Lighting the fuse on the Fairness Bomb

FCC Commissioner Robert McDowell has reminded Democrats that their Fairness Doctrine gambit may backfire and see them lose all existing leverage over radio and television programming. 

In a string of media cases stretching back over more than 20 years, various judges on the D.C. Circuit – both Democratic and Republican appointees – have suggested that it is time for the Supreme Court to rethink the concept of spectrum scarcity as a justification for limiting broadcasters’ First Amendment rights. A revived Doctrine would provide a big, bright bulls-eye for those who wish to make that happen. That development would have implications far beyond the Doctrine itself. Much of our content regulation of broadcasters – including most of the FCC’s existing localism rules and the regulations requiring three hours a week of children’s programming – rest on the spectrum scarcity rationale. If that rationale is invalidated, serious legal challenges to all those other content rules may follow.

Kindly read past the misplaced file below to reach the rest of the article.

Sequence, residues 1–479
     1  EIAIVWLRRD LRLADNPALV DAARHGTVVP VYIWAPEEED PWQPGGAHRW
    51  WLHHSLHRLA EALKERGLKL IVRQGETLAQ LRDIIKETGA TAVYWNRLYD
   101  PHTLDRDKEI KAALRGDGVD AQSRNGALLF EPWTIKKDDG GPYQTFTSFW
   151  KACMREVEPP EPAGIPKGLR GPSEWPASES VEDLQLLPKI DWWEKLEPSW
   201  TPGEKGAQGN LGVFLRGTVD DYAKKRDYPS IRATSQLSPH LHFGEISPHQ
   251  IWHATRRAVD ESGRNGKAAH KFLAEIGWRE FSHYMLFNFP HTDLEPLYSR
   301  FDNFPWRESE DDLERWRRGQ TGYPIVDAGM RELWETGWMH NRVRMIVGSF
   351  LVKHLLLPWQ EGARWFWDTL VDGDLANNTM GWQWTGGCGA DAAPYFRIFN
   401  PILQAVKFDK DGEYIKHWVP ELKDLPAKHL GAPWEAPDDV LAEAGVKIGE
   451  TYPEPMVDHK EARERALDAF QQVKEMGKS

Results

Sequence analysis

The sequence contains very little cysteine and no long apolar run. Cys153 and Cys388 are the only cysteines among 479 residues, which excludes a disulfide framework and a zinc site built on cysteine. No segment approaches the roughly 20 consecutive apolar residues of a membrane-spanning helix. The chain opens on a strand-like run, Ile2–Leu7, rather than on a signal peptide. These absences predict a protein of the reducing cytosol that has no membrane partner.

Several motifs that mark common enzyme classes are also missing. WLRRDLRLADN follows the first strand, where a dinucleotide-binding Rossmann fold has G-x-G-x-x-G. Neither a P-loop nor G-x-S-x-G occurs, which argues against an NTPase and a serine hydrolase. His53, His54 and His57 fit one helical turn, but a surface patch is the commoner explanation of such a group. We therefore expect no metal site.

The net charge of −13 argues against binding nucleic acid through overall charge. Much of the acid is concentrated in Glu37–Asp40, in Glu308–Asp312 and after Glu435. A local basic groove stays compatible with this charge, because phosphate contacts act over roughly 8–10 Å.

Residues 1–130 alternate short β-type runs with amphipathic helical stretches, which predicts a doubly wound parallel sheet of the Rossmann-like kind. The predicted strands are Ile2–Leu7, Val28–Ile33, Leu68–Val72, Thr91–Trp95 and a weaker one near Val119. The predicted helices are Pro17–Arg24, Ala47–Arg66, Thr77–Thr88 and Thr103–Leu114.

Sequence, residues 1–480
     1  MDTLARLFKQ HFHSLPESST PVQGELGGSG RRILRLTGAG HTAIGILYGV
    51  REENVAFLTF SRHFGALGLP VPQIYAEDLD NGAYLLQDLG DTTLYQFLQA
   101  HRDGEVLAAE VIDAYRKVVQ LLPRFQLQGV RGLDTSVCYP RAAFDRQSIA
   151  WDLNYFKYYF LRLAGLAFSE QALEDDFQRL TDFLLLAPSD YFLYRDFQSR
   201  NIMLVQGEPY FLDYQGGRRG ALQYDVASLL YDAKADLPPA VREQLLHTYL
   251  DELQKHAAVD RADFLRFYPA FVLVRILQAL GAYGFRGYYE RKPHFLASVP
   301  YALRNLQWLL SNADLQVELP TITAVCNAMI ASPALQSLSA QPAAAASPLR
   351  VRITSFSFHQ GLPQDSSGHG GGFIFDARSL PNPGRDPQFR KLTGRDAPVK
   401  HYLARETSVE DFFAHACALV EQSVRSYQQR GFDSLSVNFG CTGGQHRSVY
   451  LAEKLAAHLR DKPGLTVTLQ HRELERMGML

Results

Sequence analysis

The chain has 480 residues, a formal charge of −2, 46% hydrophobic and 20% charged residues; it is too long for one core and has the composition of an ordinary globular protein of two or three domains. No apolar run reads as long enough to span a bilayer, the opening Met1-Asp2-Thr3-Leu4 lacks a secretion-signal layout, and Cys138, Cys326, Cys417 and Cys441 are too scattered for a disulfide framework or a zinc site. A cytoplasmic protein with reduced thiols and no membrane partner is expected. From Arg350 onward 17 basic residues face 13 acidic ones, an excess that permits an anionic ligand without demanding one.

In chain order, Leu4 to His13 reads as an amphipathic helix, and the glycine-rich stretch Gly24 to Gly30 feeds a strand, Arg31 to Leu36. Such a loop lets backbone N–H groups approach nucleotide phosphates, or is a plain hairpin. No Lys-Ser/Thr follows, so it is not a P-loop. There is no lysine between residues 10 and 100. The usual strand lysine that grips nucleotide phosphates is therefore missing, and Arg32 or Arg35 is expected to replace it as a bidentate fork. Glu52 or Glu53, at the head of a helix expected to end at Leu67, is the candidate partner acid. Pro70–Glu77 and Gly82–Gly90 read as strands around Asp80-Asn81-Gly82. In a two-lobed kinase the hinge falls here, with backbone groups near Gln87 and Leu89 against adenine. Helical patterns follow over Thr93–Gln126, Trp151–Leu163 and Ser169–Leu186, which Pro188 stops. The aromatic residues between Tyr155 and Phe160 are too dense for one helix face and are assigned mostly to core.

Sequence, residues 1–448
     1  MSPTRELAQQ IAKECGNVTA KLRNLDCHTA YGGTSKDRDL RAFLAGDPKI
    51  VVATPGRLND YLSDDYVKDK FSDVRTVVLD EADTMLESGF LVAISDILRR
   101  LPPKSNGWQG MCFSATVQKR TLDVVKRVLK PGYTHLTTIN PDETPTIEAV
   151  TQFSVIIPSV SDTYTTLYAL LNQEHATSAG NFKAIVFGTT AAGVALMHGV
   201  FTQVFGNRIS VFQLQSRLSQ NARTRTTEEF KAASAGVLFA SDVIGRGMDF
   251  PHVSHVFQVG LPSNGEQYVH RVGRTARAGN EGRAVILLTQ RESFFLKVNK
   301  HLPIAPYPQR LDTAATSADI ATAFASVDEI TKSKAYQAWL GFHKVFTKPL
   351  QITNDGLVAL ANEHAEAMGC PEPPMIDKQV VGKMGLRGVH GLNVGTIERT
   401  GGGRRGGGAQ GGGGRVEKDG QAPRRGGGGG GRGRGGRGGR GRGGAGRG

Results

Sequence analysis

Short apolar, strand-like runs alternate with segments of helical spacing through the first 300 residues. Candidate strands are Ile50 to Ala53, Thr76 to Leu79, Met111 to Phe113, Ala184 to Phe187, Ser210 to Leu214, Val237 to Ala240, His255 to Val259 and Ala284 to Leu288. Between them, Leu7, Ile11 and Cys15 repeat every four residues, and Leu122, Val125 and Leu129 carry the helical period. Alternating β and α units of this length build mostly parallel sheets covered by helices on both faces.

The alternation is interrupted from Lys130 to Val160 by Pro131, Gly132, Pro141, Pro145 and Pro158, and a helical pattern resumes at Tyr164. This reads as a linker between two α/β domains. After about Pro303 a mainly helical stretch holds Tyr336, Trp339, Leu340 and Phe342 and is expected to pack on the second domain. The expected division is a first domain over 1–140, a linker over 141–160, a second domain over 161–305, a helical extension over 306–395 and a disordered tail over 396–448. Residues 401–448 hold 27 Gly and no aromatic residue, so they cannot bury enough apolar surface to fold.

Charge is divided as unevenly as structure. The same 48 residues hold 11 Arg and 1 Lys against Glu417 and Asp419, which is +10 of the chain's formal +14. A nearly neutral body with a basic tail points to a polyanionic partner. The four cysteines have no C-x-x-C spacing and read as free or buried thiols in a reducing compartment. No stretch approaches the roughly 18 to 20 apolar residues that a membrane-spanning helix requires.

Although that’s the most optimistic perspective I’ve heard on the Fairness Doctrine for a while, it is still probably foolish to count on the Supreme Court protecting free speech. Remember that George W. Bush’s squishy rationale for signing campaign finance reform was that he was counting on the court to bail him out and invalidate the whole thing on constitutional grounds. Said Bush at the time:

The bill does have flaws. Certain provisions present serious constitutional concerns. In particular, H.R. 2356 goes farther than I originally proposed by preventing all individuals, not just unions and corporations, from making donations to political parties in connection with Federal elections. I believe individual freedom to participate in elections should be expanded, not diminished; and when individual freedoms are restricted, questions arise under the First Amendment.

The court didn’t agree, and now we’re stuck with censored election speech.

McDowell also included this warning:

Certain legal commentators have suggested that a new corollary of the Doctrine should be fashioned for the Internet, on the theory that web surfers should be exposed to topics and views that they have not chosen for themselves.

As traditional media lose audience and relevance, politicians will need to exercise a lot of self control to keep their hands off the Internet. I don’t think they’ll be able to do it.